The bill seems aimed at the ongoing dispute over the cost of the Scaffold Law — which business groups contend is onerous — but supported by labor groups as well as the state’s powerful trial lawyers lobby.

“The Sunshine Bill will bring much-needed facts and clarity to insurance pricing and practices,” Moya said in a statement. “We cannot amend critical worker safety protections without first shedding light on how insurers calculate liability premiums. We owe it to the thousands of construction workers who risk their lives to build our state’s infrastructure.”

The measure is supported by the Building and Construction Trades Council, a powerful private-sector union that has been supportive of Gov. Andrew Cuomo.

“New York has long been a leader when it comes to worker safety, and we can’t afford to break that tradition,” the group’s president said. “Weakening the Scaffold Safety Law would put thousands of working people’s lives at direct risk. If the insurance industry shares our concerns about construction site safety, they shouldn’t stand in the way of real debate and should let the real facts come out.”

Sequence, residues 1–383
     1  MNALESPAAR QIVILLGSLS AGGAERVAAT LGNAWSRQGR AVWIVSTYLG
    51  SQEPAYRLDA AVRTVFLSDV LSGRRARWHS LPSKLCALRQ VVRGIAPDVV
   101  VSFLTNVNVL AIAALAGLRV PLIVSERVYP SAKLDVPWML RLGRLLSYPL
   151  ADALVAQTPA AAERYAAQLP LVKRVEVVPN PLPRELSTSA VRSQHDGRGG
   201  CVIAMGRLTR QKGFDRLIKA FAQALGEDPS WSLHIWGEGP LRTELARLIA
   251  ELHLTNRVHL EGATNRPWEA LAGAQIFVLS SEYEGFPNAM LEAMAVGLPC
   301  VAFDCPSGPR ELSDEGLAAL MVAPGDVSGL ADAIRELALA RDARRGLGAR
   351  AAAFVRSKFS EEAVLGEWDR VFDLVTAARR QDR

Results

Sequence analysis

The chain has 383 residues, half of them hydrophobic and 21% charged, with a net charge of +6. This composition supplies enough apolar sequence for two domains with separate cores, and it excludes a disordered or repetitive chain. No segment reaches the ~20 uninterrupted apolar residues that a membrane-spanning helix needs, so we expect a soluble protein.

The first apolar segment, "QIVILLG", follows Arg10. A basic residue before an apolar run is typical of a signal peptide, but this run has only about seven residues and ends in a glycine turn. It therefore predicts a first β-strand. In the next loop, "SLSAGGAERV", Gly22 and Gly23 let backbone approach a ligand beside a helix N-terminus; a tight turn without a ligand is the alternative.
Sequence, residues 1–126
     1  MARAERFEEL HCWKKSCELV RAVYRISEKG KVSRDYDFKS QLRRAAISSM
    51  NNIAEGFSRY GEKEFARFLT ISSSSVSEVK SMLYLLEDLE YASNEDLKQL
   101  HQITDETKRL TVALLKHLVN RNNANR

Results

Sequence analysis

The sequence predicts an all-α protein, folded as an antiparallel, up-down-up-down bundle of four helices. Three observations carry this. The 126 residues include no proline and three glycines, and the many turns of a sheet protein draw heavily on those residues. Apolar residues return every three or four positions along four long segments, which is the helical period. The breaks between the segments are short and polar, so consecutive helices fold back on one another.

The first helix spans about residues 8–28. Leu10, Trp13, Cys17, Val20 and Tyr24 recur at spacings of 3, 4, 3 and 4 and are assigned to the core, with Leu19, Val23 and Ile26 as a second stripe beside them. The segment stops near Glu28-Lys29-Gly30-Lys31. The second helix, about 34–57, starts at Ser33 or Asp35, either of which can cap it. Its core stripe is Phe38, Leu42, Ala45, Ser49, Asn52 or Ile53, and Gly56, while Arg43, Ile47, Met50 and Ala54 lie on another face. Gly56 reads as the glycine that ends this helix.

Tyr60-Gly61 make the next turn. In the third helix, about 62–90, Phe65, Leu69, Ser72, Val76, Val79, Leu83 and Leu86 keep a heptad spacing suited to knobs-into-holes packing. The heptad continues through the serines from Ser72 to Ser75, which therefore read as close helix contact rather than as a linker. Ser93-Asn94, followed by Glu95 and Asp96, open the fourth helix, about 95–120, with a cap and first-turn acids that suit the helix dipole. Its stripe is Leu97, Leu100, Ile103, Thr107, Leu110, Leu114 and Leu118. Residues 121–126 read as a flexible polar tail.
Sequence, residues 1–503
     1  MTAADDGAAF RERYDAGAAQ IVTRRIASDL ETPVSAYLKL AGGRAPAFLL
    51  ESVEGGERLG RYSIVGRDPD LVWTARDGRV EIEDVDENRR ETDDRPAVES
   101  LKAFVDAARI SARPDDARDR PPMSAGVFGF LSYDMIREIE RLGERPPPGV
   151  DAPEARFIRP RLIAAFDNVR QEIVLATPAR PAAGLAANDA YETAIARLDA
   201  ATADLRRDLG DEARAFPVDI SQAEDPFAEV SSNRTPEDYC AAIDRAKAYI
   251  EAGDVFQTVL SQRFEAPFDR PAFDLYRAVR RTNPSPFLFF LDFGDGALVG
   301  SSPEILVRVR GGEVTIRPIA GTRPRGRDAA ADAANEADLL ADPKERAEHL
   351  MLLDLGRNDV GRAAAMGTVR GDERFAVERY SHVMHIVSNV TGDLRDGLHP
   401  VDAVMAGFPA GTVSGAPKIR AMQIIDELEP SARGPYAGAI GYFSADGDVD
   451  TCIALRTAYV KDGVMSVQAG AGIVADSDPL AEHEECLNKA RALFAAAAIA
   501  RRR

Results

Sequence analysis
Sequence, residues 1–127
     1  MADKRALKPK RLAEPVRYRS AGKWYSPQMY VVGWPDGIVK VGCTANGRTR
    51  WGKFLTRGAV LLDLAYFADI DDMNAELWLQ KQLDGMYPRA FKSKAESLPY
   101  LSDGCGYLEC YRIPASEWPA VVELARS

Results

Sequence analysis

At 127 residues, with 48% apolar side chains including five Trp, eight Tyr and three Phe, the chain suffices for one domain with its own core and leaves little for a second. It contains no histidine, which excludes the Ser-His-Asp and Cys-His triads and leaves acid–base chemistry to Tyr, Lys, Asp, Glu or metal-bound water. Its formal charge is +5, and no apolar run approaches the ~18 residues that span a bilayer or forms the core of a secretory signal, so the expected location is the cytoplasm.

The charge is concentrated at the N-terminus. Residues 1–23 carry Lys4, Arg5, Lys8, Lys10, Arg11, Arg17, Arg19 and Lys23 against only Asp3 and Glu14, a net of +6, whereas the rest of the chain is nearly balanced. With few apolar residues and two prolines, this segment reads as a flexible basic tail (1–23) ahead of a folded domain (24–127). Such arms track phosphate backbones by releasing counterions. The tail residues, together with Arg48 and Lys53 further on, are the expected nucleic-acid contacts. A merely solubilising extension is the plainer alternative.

Scaffold reform groups contend the measure isn’t necessary and that the information on the cost of the regulation is already public available.

Tom Stebbins of the Lawsuit Reform Alliance called the measure a “diversion.”

“The data is clear: New York’s insurance costs are the highest in the nation, and the reason is the Scaffold Law,” he said. “Far from earning outsized profits, insurance companies are abandoning the New York construction market entirely. We are encouraged that organized labor and the personal injury lawyer lobby has finally acknowledged the serious impacts of our astronomical construction insurance rates. Unfortunately, this misguided legislation does nothing to advance a meaningful discussion about Scaffold Law reform, which has strong bipartisan support.”

Despite Arrest, Addiction Treatment Group To Honor Silver

A legislative reception honoring former Assembly Speaker Sheldon Silver is scheduled to be held this evening by a group that supports addiction services treatment.

The group, Coalition For Community Services, will present Silver with its Champion Award this evening at a reception at the Albany Room.

The event is scheduled for 5:30 p.m.

Silver was arrested in January on corruption charges. He faces a three-count indictment from federal prosecutors who accused him of masking legal referrals as bribes and kickbacks.

Luke Nasta, the group’s public policy officer, said the event was scheduled before Silver’s arrest.

“We’ve been consistent in why we’re recognizing Sheldon Silver,” Nasta said.

Silver as speaker and in public office has been a longtime supporter in the Legislature of helping champion chemical dependency treatment “especially during the Pataki years,” Nasta said.